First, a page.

At your initial OB visit, you will receive a pap smear, vaginal culture, and have some basic blood work drawn. You will have a 1 hour glucose tolerance test and CBC between 24-28 weeks. The glucose tolerance test is done to screen for gestational diabetes and the CBC (Complete Blood Count) is done to evaluate the three major types of cells in the blood: red blood cells, white blood cells, and platelets. If you are Rh negative, you will receive an injection called Rhogam at 28 weeks. This can be done at any local hospital. A copy of the confirmation is needed for your record. Around 36 weeks you will be tested for a bacteria called Group Beta Strep Group Beta Strep (GBS) is a type of bacteria that is found in 10-30% of pregnant women and is one of the many bacteria that live in the body and usually doesn’t cause any harm. However, GBS can be passed to the baby during labor and delivery. If this happens, the illness can cause serious health problems and can even be life threatening. Each of these tests will be discussed in more detail and any questions you may have will be answered during your appointments.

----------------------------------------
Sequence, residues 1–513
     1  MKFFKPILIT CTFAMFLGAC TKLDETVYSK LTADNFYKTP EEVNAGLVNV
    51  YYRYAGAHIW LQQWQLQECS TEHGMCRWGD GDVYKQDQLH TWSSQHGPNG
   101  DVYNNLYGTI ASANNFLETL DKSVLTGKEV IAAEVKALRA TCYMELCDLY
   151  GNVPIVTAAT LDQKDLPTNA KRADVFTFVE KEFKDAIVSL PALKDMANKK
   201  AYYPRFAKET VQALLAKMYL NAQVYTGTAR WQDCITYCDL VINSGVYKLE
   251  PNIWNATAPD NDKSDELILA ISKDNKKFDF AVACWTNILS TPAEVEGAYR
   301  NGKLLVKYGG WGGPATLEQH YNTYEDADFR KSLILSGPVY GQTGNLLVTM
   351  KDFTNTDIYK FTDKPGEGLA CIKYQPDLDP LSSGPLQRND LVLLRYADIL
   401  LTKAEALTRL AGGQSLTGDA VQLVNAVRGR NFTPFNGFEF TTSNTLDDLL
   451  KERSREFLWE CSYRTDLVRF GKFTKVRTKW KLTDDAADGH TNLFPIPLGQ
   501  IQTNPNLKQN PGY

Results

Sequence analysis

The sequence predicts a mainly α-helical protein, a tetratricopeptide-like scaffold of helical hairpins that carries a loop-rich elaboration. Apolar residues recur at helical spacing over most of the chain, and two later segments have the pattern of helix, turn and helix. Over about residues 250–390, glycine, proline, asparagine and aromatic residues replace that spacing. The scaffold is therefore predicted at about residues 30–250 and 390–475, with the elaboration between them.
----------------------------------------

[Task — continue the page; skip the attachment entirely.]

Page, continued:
How many sonograms will I have?


You will have a total of 2 sonograms throughout your pregnancy. The first sonogram will be done at your initial ob visit. This sonogram is done to confirm your due date and to make sure the pregnancy is progressing appropriately. Your second sonogram, the “Anatomy Sonogram”, is done around 20 weeks. Some insurance companies will only cover a certain number of sonograms during pregnancy. Because of this, you should contact your insurance to find out what your coverage entails 


What are my nutritional needs during pregnancy?